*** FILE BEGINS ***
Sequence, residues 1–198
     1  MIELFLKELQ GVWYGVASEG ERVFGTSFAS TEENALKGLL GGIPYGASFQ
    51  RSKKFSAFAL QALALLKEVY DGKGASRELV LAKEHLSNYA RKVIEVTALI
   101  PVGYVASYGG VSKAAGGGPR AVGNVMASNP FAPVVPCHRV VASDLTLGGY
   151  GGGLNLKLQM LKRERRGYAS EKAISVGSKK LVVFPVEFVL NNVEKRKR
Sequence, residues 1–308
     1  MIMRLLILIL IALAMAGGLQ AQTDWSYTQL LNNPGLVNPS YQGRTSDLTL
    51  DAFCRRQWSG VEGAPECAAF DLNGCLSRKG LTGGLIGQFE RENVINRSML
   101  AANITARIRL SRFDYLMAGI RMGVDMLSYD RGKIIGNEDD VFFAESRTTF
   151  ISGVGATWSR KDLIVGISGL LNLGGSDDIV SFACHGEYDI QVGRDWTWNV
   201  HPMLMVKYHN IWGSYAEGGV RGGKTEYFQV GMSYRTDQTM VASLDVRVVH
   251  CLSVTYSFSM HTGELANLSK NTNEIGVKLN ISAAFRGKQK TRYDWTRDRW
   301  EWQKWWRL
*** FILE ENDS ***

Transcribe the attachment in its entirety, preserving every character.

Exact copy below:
Sequence, residues 1–198
     1  MIELFLKELQ GVWYGVASEG ERVFGTSFAS TEENALKGLL GGIPYGASFQ
    51  RSKKFSAFAL QALALLKEVY DGKGASRELV LAKEHLSNYA RKVIEVTALI
   101  PVGYVASYGG VSKAAGGGPR AVGNVMASNP FAPVVPCHRV VASDLTLGGY
   151  GGGLNLKLQM LKRERRGYAS EKAISVGSKK LVVFPVEFVL NNVEKRKR
Sequence, residues 1–308
     1  MIMRLLILIL IALAMAGGLQ AQTDWSYTQL LNNPGLVNPS YQGRTSDLTL
    51  DAFCRRQWSG VEGAPECAAF DLNGCLSRKG LTGGLIGQFE RENVINRSML
   101  AANITARIRL SRFDYLMAGI RMGVDMLSYD RGKIIGNEDD VFFAESRTTF
   151  ISGVGATWSR KDLIVGISGL LNLGGSDDIV SFACHGEYDI QVGRDWTWNV
   201  HPMLMVKYHN IWGSYAEGGV RGGKTEYFQV GMSYRTDQTM VASLDVRVVH
   251  CLSVTYSFSM HTGELANLSK NTNEIGVKLN ISAAFRGKQK TRYDWTRDRW
   301  EWQKWWRL